The court disagrees with Advance Brands's suggestion that there is an absolute bar to recovering costs for discovery-related copying. Several district courts in the Eighth Circuit have refused to tax discovery-related copying expenses. See Little Rock Cardiology Clinic PA v. Baptist Health, 591 F.3d 591, 602 (8th Cir. 2009), cert. denied, 130 S. Ct. 3506 (2010) (collecting cases). However, there are Eighth Circuit cases "suggesting that a district court may tax costs for discovery-related copying." Id. (citing Slagenweit v. Slagenweit, 63 F.3d 719, 721 (8th Cir. 1995) (per curiam) (upholding award of costs for a deposition copy, despite the fact that the deposition was not introduced at trial)). A number of Circuit Courts of Appeal allow the recovery of costs for discovery-related copying or copying of documents not otherwise admitted at trial. See EEOC v. W O, Inc., 213 F.3d 600, 623 (11th Cir. 2000) ("`Copies attributable to discovery' are a category of copies recoverable under § 1920(4)."); Disc Golf Ass'n, Inc. v. Champion Discs, Inc., 158 F.3d 1002, 1010 (9th Cir. 1998) ("Under [§ 1920(4)], the copies need not actually have been used as evidence to justify an award of costs."); United States ex rel. Evergreen Pipeline Const. Co. v. Merritt Meridian Constr. Corp., 95 F.3d 153, 173 (2d Cir. 1996) ("Photocopying costs may be recovered even though the underlying document was not admitted at trial."); M.T. Bonk Co. v. Milton Bradley Co., 945 F.2d 1404, 1410 (7th Cir. 1991) ("Like depositions, the underlying documents need not be introduced at trial in order for the cost of copying them to be recoverable.").
In Little Rock Cardiology, 591 F.3d at 602, the Eighth Circuit found that the district court did not abuse its discretion in refusing to tax discovery-related copying expenses. In doing so, however, the Eighth Circuit noted only that nothing " requires a district court to tax discovery-related expenses." Id. Thus, the Eighth Circuit has left the matter to the district court's discretion. See id. at 601-02 (limiting holding to whether the district court abused its discretion and declining to consider whether discovery-related copying expenses are non-taxable as a matter of law). "In determining whether a photocopy expense is necessary so as to be taxable as a cost and whether to award that cost to the prevailing party, the district court enjoys discretion so long as it does not act arbitrarily." Concord Boat Corp. v. Brunswick Corp., 309 F.3d 494, 498 (8th Cir. 2002).
Copying costs are recoverable if the copies were "necessarily obtained for use in the case." 28 U.S.C. § 1920(4). Furthermore, "the electronic scanning of documents is the modern-day equivalent of `exemplification and copies of paper,' and, therefore, can be taxed pursuant to § 1920(4)." Brown, 526 F. Supp. 2d at 959; see also BDT Prods., Inc. v. Lexmark Int'l, Inc., 405 F.3d 415, 420 (6th Cir. 2005) ("[E]lectronic scanning and imaging could be interpreted as `exemplification and copies of papers.'"). The court finds this principle equally applicable to the costs Alkar seeks here.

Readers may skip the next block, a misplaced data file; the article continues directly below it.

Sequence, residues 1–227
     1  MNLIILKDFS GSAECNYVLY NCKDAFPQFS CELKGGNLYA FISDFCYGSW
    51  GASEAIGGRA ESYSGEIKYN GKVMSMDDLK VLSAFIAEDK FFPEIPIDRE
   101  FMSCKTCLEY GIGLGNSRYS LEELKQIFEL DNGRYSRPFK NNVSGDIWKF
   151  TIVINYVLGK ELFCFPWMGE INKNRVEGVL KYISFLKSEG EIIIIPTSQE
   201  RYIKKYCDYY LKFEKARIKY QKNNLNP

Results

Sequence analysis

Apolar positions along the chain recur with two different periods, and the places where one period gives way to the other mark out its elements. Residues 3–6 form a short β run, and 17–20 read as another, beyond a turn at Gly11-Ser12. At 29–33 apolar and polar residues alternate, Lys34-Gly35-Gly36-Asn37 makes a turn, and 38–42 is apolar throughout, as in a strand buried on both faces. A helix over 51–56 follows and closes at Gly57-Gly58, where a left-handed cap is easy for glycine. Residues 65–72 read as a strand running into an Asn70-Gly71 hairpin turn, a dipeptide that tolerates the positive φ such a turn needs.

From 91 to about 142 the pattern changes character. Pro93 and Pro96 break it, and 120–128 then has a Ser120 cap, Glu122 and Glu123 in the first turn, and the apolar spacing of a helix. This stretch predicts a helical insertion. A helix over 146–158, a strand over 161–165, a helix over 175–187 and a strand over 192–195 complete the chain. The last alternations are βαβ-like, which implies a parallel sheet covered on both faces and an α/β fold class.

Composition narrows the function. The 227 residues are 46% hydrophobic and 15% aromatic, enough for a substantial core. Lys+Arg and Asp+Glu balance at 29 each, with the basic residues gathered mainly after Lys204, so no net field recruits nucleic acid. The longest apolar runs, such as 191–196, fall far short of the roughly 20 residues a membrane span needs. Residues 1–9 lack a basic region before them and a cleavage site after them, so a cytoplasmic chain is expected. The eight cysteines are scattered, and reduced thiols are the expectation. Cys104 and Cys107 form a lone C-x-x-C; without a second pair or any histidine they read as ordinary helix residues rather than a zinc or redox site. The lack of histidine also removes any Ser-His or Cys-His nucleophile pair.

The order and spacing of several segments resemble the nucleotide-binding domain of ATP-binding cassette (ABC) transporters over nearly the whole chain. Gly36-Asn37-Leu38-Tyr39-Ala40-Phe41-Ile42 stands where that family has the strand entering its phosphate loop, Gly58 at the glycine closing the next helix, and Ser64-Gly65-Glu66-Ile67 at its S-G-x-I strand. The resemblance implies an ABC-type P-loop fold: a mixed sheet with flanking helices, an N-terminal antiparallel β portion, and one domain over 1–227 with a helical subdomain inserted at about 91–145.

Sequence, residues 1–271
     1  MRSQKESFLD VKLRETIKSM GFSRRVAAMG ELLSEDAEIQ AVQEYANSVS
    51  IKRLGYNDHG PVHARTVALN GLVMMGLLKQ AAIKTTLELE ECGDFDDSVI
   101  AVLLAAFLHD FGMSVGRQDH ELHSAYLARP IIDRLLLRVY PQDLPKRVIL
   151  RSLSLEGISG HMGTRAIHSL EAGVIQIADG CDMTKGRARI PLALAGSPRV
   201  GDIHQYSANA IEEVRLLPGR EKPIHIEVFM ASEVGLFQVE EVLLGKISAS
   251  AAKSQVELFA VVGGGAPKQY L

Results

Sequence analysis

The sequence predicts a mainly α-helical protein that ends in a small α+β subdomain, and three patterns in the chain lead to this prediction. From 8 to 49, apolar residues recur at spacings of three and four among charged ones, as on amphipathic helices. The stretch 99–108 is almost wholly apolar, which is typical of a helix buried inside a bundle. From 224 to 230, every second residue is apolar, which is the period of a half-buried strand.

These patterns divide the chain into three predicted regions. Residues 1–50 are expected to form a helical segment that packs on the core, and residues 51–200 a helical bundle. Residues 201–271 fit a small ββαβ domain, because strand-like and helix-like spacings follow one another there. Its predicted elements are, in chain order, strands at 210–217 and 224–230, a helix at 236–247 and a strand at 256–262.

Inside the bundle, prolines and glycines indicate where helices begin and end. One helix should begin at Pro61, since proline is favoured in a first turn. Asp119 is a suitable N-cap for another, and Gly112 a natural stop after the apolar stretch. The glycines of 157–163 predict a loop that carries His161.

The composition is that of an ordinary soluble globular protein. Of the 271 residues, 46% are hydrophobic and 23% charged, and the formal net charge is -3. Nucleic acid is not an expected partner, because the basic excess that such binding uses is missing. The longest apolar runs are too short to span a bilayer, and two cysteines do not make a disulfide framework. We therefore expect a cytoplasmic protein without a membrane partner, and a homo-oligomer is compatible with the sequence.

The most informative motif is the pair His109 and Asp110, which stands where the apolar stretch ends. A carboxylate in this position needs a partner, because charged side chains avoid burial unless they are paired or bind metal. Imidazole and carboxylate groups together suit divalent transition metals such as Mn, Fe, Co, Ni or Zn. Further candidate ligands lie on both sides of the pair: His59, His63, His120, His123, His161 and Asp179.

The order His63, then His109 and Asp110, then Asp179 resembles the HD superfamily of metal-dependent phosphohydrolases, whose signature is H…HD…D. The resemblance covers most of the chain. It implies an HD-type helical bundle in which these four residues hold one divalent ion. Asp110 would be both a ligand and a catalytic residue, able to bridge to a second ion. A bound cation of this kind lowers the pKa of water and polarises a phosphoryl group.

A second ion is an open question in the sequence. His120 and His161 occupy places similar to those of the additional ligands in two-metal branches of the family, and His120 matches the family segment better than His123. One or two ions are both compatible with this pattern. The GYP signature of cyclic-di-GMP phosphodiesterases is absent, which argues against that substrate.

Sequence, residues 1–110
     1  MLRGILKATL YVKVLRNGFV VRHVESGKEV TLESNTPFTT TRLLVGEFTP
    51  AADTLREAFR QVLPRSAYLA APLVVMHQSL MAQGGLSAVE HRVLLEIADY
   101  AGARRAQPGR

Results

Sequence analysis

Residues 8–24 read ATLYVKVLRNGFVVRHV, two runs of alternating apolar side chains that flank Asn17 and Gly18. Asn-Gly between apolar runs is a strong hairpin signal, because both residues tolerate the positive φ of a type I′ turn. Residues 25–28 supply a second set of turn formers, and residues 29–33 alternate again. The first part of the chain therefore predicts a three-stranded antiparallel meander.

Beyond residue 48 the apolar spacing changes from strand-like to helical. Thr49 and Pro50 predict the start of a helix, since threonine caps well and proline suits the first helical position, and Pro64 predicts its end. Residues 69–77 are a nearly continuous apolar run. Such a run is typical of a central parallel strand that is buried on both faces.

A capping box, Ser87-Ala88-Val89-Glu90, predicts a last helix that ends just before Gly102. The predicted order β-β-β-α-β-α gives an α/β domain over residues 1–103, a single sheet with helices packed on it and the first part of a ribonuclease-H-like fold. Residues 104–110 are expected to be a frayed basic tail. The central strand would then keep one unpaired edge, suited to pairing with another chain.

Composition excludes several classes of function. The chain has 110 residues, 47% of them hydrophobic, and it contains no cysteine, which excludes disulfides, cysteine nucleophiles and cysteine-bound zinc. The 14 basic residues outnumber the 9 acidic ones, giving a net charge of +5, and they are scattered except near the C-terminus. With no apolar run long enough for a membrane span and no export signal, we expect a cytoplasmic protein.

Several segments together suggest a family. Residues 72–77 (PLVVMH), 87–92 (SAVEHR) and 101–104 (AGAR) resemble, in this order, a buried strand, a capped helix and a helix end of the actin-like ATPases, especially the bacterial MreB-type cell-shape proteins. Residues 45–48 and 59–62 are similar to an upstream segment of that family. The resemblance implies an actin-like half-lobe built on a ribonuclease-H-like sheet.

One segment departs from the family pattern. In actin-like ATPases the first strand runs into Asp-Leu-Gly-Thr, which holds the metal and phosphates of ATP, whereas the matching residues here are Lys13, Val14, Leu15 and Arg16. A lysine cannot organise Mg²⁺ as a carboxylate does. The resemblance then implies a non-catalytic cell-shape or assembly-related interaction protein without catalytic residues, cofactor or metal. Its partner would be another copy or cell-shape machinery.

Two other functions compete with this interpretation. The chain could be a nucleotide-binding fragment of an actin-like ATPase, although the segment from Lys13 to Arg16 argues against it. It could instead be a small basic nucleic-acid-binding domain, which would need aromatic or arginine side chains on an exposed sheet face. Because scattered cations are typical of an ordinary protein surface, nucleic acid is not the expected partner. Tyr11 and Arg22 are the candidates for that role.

After reviewing the Motion and supporting documentation, the court concludes that Alkar has demonstrated, based upon the facts of this case and the extensive discovery Alkar was required to conduct, that it is entitled to recover the costs of its discovery-related copying and scanning. The court is familiar with the document-intensive nature of this case, both at the summary judgment stage and at trial, and the court concludes that the costs Alkar seeks for copying and scanning are reasonable and appropriate in this case. Accordingly, the court declines to reduce Alkar's requested costs on this basis.
b. Bates stamps, tabs, binders, sheet protectors, tiff conversion and optical character recognition
Advance Brands argues that Alkar "seeks costs for not only copies, but also bates stamps, tabs, binders, sheet protectors, tiff conversion, and optical character recognition." Resistance at 5. Advance Brands maintains that "[s]uch costs are not necessary and are only for convenience, and, therefore, are not taxable." Id. This court recently permitted a prevailing party to recover costs related to the scanning and electronic conversion of documents. See Order at 9 Penford Prods. Corp. v. Nat'l Union Fire Ins. Co. of Pittsburgh, 1:09-CV-13-LRR (N.D. Iowa Feb. 10, 2011). In contrast, several district courts within the Eighth Circuit have found that costs for items such as binders, tabs and bates stamps are for the convenience of counsel and should not be included in copying costs because they are not "necessarily obtained for use in the case" pursuant to 28 U.S.C. § 1920(4). See Am. Guarantee Liab. Ins. Co. v. U.S. Fid. Guarantee Co., No. 4:06CV655RWS, 2010 WL 1935998, at *4 (E.D. Mo. May 10, 2010); Moore v. DaimlerChrysler Corp., 4:06-CV-757 CDP, 2007 WL 1445591 (E.D. Mo. May 11, 2007); Stevens v. Zenith Distrib. Corp. of Kan., No. 78-0477-CV-W-6, 1984 WL 21983, at *8 (W.D. Mo. July 20, 1984).
Having considered the facts surrounding this case and the document-intensive nature of the underlying litigation, the court will tax Alkar's scanning-related and electronic conversion expenditures under § 1920(4). However, the court concludes that, under the circumstances presented here, Alkar's expenditures for bates stamps, tabs, binders and sheet protectors were convenient rather than necessary. Accordingly, the court declines to tax these costs pursuant to § 1920(4). See Moore, 2007 WL 1445591, at *1 (refusing to tax costs for bates labeling because it was "not necessary but simply convenient"). The court shall reduce Alkar's requested copying costs by $2,673.63.
IV. SUMMARY CHART
Item Requested Amount Requested Amount Allowed TOTAL $63,502.56 $55,865.30Fees of the Clerk: $150.00 $150.00 Fees for service: $1,041.08 $0 Fees for transcripts: $35,572.30 $31,649.75 Fees for printing: $660.40 $660.40 Fees for witnesses: $12,528.79 $12,528.79 Fees for copies: $13,549.99 $10,876.36